Bill Clinton's doctor, who accompanied the former U.S. president to Pyongyang last month, has told the U.S. government that North Korean leader Kim Jong-il is still recovering from what appears to have been a stroke last year but is in stable condition, sources in Washington say.
Diplomatic sources said Roger Band, a professor of emergency medicine at the Hospital of the University of Pennsylvania who regularly checks Clinton's health, accompanied the former president on a visit to the North and got a close look at Kim. Brand had been briefed by U.S. government officials, the sources said.
The U.S. administration was looking for concrete information about Kim's health after rumors that he suffered a stoke in August last year, asking Band to look closely at Kim's teeth, facial color, hair, scalp, speech, movements of hands and feet, and weight. Band was by Clinton's side in a meeting with Kim that lasted over three hours. Based on Band's observation, the U.S. government has reportedly concluded that Kim's condition has significantly improved.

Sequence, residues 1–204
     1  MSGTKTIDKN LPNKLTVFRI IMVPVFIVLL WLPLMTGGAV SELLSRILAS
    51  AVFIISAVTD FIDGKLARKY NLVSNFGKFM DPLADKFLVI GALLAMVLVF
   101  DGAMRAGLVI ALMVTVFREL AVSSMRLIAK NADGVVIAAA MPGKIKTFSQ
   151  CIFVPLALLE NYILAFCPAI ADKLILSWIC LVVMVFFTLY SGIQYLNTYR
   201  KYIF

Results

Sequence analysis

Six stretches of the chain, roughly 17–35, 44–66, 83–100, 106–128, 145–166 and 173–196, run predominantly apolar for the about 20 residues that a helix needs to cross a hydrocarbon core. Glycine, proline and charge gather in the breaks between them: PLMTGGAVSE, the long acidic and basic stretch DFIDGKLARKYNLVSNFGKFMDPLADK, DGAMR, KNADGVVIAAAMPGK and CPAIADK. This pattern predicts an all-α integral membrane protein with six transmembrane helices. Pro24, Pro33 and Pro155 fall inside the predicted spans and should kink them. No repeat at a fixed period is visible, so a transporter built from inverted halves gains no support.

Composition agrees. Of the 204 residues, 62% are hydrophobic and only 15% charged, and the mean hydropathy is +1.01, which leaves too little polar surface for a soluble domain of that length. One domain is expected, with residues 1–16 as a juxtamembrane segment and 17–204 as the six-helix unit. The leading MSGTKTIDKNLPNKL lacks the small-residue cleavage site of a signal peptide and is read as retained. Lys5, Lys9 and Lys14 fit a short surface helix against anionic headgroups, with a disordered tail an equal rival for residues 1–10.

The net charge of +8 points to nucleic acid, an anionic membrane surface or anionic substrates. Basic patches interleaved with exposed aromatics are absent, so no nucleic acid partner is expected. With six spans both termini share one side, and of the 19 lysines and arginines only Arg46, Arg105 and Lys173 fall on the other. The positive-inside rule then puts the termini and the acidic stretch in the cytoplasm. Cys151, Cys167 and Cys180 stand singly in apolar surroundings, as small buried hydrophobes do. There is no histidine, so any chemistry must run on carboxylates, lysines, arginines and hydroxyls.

In preliminary contacts with the North, aides insisted that Clinton travel with his doctor on overseas trips. The North reportedly did not oppose this. The U.S. administration now believes that by allowing Band to accompany Clinton, Kim sought to publicize his good health to the world and may have taken advantage of the opportunity to dispel rumors that he is at death's door.
Adm. Timothy Keating, the commander of U.S. Pacific forces, indirectly confirmed the story in a speech he delivered at the Center for Strategic and International Studies on Tuesday. Clinton's trip to North Korea was "great intelligence," he said.
Keating said Kim was "upright" and appeared to be comfortable and able to carry on reasonable discussions. But he cautioned that this does not mean it is clear what Kim's succession plans are.